In scientific writing, the most widely recognized unethical action is plagiarism. Plagiarism is a very serious form of ethical misconduct. An ethical professional is expected to operate at the highest level of scientific integrity and must avoid anything that could be conceived as plagiarism.

Plagiarism has been traditionally defined as the taking of words, images, ideas, etc. from an author and presenting them as one's own.

Although plagiarism can take many forms (such as public speeches and presentations) there are two major types in scientific writing.

  • Plagiarism of ideas: Appropriating an idea (eg., an explanation, a theory, a conclusion, a hypothesis, a metaphor) in whole or in part, or with superficial modifications without giving credit to its originator.
  • Plagiarism of text: Copying a portion of text from another source without giving credit to its author and without enclosing the borrowed text in quotation marks.

How to Avoid Plagiarism

Always acknowledge the source of your idea.

  • Any verbatim text taken from another author must be enclosed in quotation marks.
  • Avoid inappropriate paraphrasing: Scholarly writing, including scientific writing, often involves the paraphrasing and summarizing of others' work. Summarizing means to condense, into our own words, a substantial amount of material.
    Paraphrasing means to restate in detail, and in our own words, a certain portion of another author's writing. Whether summarizing or paraphrasing, every source must always be acknowledged. Additionally, when paraphrasing you must reproduce the exact meaning of the other author's ideas or facts.
  • "You plagiarize even when you do credit the author but use his exact words without so indicating with quotation marks or block indentation. You also plagiarize when you use words so close to those in your source, that if your work were placed next to the source, it would be obvious that you could not have written what you did without the source at your elbow." (Booth, Colomb, & Williams, 1995; p. 167)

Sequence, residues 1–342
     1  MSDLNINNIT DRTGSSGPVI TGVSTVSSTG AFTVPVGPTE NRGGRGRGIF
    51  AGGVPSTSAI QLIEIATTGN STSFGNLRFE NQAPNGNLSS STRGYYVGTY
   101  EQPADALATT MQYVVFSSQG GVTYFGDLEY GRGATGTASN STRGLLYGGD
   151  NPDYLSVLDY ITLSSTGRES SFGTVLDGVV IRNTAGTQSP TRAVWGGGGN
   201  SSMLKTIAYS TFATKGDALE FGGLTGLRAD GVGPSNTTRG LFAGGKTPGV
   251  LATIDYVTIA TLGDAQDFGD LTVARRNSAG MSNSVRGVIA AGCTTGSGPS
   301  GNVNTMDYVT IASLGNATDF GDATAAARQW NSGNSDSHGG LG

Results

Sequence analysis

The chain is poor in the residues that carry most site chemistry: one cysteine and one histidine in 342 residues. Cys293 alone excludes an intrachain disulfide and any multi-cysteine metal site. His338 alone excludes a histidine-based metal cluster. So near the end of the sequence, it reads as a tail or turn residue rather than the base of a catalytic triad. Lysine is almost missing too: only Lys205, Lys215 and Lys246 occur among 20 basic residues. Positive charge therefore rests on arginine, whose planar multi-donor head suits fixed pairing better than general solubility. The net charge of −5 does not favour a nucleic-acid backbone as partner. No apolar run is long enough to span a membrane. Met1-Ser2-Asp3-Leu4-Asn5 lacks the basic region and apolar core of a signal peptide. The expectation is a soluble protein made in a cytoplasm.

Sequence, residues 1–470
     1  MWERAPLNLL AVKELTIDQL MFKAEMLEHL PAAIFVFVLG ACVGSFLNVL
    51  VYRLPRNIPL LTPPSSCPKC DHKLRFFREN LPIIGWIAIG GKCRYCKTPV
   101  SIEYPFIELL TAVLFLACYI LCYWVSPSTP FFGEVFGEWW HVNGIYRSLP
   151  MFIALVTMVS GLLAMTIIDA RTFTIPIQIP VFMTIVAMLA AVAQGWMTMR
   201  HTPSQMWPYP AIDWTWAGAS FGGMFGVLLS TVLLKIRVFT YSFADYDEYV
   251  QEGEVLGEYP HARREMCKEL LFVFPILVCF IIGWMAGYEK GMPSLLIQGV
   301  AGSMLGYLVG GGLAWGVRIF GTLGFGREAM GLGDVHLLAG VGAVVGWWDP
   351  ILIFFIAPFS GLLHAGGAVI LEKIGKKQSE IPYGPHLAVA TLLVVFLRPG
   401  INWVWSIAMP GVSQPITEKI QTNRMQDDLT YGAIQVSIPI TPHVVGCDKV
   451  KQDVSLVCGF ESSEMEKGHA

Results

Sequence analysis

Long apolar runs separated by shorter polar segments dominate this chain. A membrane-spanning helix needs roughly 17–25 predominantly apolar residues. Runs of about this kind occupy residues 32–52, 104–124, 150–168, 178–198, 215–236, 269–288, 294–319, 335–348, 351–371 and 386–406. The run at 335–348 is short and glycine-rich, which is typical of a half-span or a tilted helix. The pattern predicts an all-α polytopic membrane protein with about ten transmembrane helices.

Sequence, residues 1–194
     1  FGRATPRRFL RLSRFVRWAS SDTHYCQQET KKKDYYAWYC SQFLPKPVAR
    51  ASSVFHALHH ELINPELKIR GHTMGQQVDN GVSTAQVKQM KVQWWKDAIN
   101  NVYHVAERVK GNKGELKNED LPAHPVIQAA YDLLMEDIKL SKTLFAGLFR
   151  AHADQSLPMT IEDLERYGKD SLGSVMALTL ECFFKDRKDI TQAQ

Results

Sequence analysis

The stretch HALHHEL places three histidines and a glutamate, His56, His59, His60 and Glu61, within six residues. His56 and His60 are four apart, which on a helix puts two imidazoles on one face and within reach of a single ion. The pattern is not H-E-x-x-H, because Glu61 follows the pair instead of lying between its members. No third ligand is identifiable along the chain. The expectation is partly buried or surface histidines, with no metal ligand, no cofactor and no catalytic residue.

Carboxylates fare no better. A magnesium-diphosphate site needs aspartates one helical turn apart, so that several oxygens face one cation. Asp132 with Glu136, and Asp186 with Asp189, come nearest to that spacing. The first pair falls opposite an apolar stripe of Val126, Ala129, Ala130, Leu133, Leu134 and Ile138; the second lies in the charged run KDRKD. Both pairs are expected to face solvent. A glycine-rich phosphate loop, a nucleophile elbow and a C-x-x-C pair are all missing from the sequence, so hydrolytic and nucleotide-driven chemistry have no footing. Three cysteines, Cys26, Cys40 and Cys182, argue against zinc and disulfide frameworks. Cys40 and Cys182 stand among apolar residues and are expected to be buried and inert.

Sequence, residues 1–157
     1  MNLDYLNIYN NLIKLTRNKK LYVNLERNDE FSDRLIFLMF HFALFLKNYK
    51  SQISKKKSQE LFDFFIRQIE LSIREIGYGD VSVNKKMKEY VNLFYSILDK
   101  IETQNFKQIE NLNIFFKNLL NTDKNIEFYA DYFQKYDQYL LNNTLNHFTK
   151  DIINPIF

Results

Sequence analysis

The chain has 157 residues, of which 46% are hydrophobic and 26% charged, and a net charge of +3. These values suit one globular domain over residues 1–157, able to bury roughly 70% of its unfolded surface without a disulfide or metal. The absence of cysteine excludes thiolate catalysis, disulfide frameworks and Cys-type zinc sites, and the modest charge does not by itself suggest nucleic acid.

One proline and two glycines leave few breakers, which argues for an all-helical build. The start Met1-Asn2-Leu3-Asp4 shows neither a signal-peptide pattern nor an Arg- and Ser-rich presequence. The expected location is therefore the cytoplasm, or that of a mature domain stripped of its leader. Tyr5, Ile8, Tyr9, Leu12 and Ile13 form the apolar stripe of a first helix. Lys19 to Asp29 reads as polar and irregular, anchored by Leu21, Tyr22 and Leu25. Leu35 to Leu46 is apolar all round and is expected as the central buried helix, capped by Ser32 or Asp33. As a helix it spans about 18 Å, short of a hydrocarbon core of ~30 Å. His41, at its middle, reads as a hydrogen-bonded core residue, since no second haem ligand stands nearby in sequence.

Plagiarism and common knowledge.
One general exception to citing sources occurs when the information represents 'common knowledge'. If the material being discussed is assumed to be known by the readership, then one need not cite its origin. However, the question of whether the information constitutes common knowledge depends on several factors, such as who the author is, who the readers are, and the expectations of each of these groups. Authors should follow this rule of thumb: when in doubt as to whether a concept or fact is common knowledge, provide a citation.

Self-plagiarism.
Self-plagiarism occurs when authors reuse their own previously written work or data in a 'new' written paper without letting the reader know that this material has appeared elsewhere. In scholarly and scientific writing there are some situations in which reusing previous text is acceptable; however other instances in which text and/or data are known to have been reused violate the principles of ethical writing.

  • Authors who submit a manuscript for publication containing data, reviews, conclusions, etc., that have already been disseminated (eg., published in another journal, presented at a conference) must clearly indicate to the editors the nature of the previous dissemination.
  • Because some instances of plagiarism, self-plagiarism, and even some writing practices that might otherwise be acceptable (eg., extensive paraphrasing or quoting of key elements of a book) can constitute copyright infringement, authors should become familiar with basic elements of copyright law.


Citing references.
References are crucial in scientific writing. It is important that authors strive for accuracy when listing references in manuscripts.

  • Authors should double-check their citations and should always ensure that each reference in the body of the manuscript corresponds to the correct citation in the reference section and vice versa.
  • Authors should also ensure that all elements of a citation (eg., spelling of authors' names, title, journal name) come directly from the original paper, rather than from a citation that appears on a secondary source.
  • The references used in a paper should only be those that are directly related to its contents.
  • Authors should always obtain the actual published paper. When the published paper cannot be obtained, cite the specific version of the material being used, whether it is conference presentation, abstract, or an unpublished manuscript.
  • Do not rely on a secondary summary of a paper. Always consult the primary literature. If an author must rely on a secondary source (eg., textbook) to describe the contents of a primary source, s/he should consult writing manuals and follow the proper naming convention. Above all, always indicate the actual source of the information being reported.

Determining Authorship
Authorship determination should have been discussed prior to beginning the research collaboration and should be based on established guidelines, such as those of the International Committee of Medical Journal Editors. Only those individuals who have made substantitve contributions to the project and/or manuscript merit authorship of a paper.

The information outlined above was derived from the following sources:

Committee on Publication Ethics (COPE)
Council of Science Editors
Uniform Requirements for Manuscripts Submitted to Biomedical Journals